A salvage expedition was sent as soon as the news of the disaster reached Veracruz, and recovered about half of the cargo from the 3 lost ships.
The site presumed to be the Santa Maria de Yciar was probably destroyed in the late 1940s by the U.S. Army Corps of Engineers. As they were opening the Mansfield Cut. Ship’s timbers, chains and anchors were caught up by the dredges…
The Espiritu Santo was found and salvaged by a group of treasure hunters in 1967, after a businessman from Indiana found coins along the beach and decided to search the sea.
The San Esteban was found by the Texas Antiquities Committee in 1973, and archaeologically excavated in the years that followed its discovery.
The artifact collection was treated at the University of Texas, as well as the collection recovered from the Espiritu Santo, won from the treasure hunters by the State of Texas following a lawsuit against the salvage company that had stripped the wreck site. It encompasses a large collection of weapons and rigging material.
The hull remains of the San Esteban were scarce. However, they have allowed a tentative reconstruction of the hull and stand as the first remains of a Spanish colonial wreck to have been studied by archaeologists.
Found in 1992, this vessel is thought to be one of Tristán de Luna’s ships, lost in Pensacola Bay in 1559. Tristán de Luna’s expedition consisted of 11 ships, carrying one thousand settlers, five hundred soldiers, and two hundred and forty horses. The Florida colony failed, partly due to the destruction of a hurricane that struck shortly after the arrival of the fleet. Seven ships were lost, some even before being unloaded.
Also sunk by a hurricane were 8 ships of a fleet of 28 vessels that left Havana to Spain on September 4, 1622. Among the vessels lost was the Nuestra Señora de Atocha, the vice-flagship (almiranta), which has already been referred in class.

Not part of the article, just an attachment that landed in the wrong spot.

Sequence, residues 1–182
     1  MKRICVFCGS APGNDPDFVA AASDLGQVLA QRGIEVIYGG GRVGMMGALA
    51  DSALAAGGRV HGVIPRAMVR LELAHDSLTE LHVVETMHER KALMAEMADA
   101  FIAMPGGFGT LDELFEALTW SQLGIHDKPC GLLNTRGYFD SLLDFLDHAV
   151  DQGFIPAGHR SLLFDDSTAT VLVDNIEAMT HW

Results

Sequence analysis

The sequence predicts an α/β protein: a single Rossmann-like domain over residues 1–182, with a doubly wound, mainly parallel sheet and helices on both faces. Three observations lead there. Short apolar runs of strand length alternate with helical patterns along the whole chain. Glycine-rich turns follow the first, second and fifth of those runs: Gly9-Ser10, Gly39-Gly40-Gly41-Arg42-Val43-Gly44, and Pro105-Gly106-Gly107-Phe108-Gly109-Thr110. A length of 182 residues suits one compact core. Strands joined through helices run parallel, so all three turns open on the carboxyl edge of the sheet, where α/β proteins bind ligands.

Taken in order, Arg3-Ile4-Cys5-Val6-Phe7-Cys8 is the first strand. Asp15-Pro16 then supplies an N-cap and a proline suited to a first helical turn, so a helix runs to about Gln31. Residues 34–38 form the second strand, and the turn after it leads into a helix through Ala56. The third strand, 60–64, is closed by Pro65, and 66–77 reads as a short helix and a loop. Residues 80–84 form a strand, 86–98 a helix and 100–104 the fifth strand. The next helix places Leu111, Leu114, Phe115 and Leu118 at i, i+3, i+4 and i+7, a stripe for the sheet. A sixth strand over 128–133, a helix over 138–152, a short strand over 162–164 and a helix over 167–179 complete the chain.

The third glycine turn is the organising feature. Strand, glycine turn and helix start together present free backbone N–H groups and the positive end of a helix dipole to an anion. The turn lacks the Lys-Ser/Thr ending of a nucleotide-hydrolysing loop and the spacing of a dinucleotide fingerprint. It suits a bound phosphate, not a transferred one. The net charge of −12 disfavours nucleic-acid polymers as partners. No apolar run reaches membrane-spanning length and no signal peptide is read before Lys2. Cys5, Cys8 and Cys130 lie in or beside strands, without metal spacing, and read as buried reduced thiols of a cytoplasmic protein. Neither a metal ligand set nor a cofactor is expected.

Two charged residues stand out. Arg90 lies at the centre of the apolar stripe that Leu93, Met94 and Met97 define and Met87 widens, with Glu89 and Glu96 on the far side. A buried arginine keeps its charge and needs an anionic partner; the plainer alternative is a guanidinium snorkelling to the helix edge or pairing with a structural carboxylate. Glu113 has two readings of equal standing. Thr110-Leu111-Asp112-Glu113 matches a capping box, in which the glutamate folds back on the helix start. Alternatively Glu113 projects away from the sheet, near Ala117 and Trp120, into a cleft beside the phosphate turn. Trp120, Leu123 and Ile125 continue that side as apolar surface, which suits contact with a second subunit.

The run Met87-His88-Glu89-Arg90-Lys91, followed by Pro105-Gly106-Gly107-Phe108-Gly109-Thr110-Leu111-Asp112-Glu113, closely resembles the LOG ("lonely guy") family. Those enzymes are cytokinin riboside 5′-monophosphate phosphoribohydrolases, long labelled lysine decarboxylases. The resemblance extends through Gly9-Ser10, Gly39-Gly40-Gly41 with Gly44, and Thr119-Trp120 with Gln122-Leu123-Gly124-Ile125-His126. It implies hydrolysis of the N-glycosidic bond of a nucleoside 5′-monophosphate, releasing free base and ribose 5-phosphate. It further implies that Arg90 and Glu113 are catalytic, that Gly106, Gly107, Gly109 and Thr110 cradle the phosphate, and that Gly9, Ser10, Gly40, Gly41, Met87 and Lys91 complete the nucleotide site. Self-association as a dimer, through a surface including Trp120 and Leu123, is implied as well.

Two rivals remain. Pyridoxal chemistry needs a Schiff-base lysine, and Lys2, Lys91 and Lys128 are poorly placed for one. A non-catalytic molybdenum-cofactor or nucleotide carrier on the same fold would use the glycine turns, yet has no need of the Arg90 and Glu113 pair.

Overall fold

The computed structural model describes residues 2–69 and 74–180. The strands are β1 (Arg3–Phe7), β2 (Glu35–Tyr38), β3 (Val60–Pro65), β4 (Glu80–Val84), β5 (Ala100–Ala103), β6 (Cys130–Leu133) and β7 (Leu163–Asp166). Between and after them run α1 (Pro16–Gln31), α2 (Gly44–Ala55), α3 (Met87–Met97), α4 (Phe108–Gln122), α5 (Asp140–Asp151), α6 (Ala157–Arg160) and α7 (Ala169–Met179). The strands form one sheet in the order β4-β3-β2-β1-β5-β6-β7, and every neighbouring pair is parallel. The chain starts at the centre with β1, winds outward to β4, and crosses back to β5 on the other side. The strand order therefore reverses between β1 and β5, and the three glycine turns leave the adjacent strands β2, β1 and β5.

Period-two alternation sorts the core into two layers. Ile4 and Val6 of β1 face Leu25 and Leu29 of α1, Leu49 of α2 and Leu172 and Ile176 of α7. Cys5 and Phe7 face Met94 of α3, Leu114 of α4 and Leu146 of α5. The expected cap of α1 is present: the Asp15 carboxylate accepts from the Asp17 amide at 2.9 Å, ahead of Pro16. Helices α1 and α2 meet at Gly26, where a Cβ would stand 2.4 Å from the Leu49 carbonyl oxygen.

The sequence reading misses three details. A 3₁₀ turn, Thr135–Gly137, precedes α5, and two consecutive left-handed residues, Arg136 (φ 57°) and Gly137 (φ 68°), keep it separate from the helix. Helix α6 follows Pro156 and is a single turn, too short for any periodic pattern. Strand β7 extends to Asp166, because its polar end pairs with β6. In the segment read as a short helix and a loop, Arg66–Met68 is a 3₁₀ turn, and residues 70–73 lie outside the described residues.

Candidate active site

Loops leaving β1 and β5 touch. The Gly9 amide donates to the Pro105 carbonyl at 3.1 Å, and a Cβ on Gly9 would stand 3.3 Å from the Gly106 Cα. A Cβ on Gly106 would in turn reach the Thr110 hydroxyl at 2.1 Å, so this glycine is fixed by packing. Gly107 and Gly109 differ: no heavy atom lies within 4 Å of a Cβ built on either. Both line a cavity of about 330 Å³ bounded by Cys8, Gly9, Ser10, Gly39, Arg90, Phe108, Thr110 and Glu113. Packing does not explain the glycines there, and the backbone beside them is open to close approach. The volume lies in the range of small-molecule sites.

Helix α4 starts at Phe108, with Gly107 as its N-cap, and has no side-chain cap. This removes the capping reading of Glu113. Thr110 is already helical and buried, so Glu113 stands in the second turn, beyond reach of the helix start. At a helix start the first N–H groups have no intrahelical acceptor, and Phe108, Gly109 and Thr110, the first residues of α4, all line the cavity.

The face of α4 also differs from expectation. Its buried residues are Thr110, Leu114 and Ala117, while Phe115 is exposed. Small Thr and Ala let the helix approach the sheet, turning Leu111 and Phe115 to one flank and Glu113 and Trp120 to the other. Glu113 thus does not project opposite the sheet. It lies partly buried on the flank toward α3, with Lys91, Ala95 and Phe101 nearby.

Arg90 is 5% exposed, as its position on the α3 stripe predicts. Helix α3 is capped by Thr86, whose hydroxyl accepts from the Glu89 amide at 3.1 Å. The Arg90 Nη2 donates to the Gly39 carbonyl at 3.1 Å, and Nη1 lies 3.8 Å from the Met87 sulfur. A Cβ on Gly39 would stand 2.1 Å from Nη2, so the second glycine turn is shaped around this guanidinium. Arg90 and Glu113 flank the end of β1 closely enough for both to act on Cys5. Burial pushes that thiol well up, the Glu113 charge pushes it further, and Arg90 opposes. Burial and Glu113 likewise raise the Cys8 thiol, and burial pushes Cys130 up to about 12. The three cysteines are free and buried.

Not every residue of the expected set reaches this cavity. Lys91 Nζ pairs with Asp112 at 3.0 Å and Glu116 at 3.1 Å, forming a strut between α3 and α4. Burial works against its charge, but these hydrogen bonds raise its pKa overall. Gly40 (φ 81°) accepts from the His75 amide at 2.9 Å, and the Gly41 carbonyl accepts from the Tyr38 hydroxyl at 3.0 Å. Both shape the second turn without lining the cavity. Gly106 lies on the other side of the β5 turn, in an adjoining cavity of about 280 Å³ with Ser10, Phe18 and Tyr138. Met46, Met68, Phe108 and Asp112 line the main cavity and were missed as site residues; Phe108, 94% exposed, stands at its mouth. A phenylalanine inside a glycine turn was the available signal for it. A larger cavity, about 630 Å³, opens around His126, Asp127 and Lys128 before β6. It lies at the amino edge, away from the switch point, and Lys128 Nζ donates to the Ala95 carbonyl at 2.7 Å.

Built in Havana with 550 tons of capacity, it carried 20 bronze guns, a crew of 133 men, 82 soldiers, and 48 passengers. The Atocha’s holds were filled with copper and silver, and an enormous cargo of indigo, tobacco, cochineal, and rosewood. Precious artifacts, gold bars, and jewels were also stored in the passenger’s and crew’s personal boxes and arcs. Four astrolabes were found stored together, maybe in the pilote’s personal arc.
Since the Atocha was found and salvaged by treasure hunters not much is known about its hull nor the way its cargo was stored.
Three other vessels believed to have been part of this fleet have been found:
the Santa Margarita,
the Dry Tortugas Wreck, and
the Nuestra Señora del Rosario.
Since the first two were found by treasure hunters not much is known about them.
The third wreck site was surveyed by a team of the Florida State University, but not much has been found so far.
The Concepción was a large galleon built in Spain in 1620. It sailed from Cadiz on April 21, 1640 with the New Spain and arrived safely at Veracruz two months later, on June 24. The only incident during the voyage was an attack by pirates that was promptly driven off by the ship’s 40 guns.
Already an old ship, the Concepción was much affected by a decision to keep it in the New World for an entire year. Before sailing to Havana and Spain the ship was repaired and careened, and then loaded with a large cargo of silver. The voyage to Havana was a difficult one that lasted 35 days due to contrary winds. Repaired once again, and loaded with new and fresh provisions, the Concepción left Havana with the remaining fleet, bound for Spain, on September 20, 1641. Nine days later the entire fleet was caught by a hurricane. The Concepción, greatly damaged, tried to sail to Puerto Rico. Lost in the ocean the ship struck an uncharted reef north of Hispaniola on October 31. The violent sea broke the hull. The crew built a number of rafts and many managed to sail to Hispaniola.
All the attempts to find the wreck and rescue the treasure failed, and the news of the lost galleon spread. It was only about 45 years later that the treasure of the Concepción would be salvaged.